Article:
Penn State helps East Stroudsburg bring Lyme-Aid innovation to consumers

March 14, 2013

UNIVERSITY PARK, Pa. – A kit that could lead to quicker detection of Lyme disease has moved from a college laboratory to store shelves thanks to guidance from Penn State’s Office of Technology Management.

The first consumer product to emerge from a partnership between Penn State and the Pennsylvania State System of Higher Education (PASSHE), is the Lyme-Aid Diagnostic Tick Testing Kit, which provides a tick removal tool and the means to mail the specimen for lab analysis.

Lyme-Aid grew out of East Stroudsburg’s Northeast Wildlife DNA Laboratory, and Penn State assisted with intellectual property management and technology transfer activities, according to Ronald Huss, director of the Office of Technology Management. Those services included negotiating the license agreement, a vital step for a product’s long-term success.

“PASSHE wants to support and encourage research activities, however these institutions can’t justify the investment in creating their own technology transfer offices,” Huss said. “Our fees for the universities are modest. Our primary motivation has been to be a good neighbor and help Pennsylvania research reach market, and the arrangement is working well.”

Under the agreement reached in 2008 with the 14 PASSHE universities, Penn State charges a fee for services, but does not share in a percentage of the profits.

“All the revenue that’s generated can go back into the state system of higher education,” he said.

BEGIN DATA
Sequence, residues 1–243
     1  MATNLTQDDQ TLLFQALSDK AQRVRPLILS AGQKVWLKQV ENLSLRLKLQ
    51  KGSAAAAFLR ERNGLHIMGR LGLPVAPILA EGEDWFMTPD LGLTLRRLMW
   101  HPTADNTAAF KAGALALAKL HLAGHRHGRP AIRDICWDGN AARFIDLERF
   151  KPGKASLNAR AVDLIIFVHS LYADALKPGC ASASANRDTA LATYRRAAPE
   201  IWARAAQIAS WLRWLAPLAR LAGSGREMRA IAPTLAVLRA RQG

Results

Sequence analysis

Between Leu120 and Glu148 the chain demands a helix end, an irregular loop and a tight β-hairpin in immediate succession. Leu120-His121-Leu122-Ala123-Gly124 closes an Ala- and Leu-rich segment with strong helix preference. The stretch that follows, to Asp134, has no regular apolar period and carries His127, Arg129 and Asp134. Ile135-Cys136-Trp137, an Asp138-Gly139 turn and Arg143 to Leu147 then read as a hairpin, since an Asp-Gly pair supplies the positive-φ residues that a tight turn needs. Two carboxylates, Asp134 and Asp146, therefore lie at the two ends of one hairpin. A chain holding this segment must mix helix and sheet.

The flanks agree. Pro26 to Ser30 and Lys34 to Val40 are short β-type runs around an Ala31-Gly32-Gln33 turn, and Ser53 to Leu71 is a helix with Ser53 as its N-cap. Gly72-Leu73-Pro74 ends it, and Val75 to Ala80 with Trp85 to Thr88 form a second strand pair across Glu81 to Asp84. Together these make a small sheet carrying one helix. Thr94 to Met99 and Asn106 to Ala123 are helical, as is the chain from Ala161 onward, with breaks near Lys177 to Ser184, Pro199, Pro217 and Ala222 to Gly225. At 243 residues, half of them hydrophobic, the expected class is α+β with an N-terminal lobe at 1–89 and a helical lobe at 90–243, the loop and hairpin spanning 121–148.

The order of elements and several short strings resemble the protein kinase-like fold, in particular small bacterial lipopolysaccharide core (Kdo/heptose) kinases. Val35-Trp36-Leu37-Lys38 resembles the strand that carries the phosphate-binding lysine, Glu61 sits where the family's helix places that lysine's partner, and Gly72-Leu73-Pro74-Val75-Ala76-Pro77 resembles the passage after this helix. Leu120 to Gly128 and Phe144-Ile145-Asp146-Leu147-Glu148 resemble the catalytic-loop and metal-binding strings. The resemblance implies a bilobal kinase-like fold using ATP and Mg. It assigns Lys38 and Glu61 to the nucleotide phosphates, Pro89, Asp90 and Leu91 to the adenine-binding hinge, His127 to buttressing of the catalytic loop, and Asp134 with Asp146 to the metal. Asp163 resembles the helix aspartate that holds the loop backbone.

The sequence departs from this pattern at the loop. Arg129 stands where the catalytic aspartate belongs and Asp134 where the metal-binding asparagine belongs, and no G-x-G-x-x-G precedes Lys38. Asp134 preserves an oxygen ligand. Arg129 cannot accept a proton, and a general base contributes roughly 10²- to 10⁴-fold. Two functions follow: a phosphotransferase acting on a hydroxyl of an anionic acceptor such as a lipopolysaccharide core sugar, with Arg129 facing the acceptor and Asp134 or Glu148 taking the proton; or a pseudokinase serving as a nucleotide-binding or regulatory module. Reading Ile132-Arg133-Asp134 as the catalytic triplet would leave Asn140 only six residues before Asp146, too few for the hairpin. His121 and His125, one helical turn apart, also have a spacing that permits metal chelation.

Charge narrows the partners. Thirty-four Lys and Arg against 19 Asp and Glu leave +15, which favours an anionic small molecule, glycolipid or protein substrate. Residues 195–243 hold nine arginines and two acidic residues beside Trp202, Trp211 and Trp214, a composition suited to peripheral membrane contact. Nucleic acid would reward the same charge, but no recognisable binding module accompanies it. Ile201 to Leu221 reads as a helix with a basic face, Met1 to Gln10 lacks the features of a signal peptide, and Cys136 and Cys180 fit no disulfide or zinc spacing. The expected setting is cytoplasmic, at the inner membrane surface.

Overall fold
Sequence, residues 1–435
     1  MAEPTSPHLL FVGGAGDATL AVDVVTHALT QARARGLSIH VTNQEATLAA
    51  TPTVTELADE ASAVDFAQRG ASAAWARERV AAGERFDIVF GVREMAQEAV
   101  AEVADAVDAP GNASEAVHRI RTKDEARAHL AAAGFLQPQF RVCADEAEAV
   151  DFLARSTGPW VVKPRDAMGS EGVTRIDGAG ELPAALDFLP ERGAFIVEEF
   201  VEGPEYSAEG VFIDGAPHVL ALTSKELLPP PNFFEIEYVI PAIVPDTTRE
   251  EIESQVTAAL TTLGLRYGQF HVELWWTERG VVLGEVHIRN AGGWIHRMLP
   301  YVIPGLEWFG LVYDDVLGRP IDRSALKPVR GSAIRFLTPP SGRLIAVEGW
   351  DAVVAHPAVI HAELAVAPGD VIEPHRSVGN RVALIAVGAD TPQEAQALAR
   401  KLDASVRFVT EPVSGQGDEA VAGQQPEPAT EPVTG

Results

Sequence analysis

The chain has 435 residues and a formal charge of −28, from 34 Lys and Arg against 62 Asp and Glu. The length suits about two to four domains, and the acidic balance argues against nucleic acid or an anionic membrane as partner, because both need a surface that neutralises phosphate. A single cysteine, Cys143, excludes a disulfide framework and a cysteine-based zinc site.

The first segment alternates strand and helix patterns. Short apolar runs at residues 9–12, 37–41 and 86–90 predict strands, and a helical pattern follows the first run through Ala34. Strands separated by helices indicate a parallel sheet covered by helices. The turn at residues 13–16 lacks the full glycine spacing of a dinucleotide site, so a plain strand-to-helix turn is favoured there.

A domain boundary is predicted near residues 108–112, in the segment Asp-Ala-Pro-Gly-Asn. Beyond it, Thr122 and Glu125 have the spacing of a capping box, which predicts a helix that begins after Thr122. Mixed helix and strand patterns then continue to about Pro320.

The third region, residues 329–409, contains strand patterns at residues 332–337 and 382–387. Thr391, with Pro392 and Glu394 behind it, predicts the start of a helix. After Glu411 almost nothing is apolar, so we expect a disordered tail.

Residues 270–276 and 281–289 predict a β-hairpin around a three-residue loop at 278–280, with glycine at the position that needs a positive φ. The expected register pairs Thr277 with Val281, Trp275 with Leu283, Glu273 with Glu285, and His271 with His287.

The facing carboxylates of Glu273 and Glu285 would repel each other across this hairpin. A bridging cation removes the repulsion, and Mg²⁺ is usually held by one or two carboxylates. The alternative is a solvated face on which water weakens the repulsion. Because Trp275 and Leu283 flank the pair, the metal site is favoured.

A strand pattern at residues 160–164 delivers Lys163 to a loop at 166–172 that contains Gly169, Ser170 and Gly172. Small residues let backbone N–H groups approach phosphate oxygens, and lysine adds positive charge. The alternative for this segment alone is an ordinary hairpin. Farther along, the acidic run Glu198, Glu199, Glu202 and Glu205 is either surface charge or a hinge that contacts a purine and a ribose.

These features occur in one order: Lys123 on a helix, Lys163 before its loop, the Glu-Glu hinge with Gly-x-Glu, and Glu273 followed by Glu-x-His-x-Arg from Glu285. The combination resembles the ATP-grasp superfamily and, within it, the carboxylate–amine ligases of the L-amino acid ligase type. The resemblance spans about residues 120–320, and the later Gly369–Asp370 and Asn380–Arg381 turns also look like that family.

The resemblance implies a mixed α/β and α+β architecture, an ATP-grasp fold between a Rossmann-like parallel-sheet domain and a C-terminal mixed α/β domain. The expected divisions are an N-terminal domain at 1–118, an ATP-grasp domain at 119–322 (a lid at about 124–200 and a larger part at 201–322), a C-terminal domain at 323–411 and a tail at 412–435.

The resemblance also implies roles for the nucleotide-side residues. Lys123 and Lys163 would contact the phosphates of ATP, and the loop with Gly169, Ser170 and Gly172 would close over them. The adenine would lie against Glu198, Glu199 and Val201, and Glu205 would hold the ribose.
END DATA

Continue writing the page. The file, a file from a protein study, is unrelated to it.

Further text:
According to Huss, PASSHE institutions submit about one project a month to the University, where four technology licensing officers analyze each innovation’s commercial value.

“Not every opportunity goes forward,” he said. “Not everything is patentable, not everything is marketable.”

East Stroudsburg graduate student Melissa Shaw invented Lyme-Aid, winning a $3,000 state grant in 2010 to make a prototype through a business plan competition on her campus. Paperwork for Lyme-Aid reached Penn State in 2011, and market research revealed public interest, Huss said. Rather than seek medical attention after Lyme disease symptoms appear, those who have been bit -- or who remove a tick from a pet – can use Lyme-Aid to be more proactive and learn within three to five days whether there’s a risk of contracting the disease.

Kits are sold in single-, three- and 12-packs with prices starting at $5.99. A lab test costs $39.95. Kits are available online at and in 20 states at more than 100 locations, mostly at farm supply and hardware stores. Kits are manufactured and sold by the Connecticut-based Garrett Hewitt International, a leading worldwide supplier that mainly works with the cosmetic industry.

“The goal is to license our patent rights to a company that has the motivation and the financial resources to take that technology and continue to develop it into a product or service that could be ready for sale,” Huss said.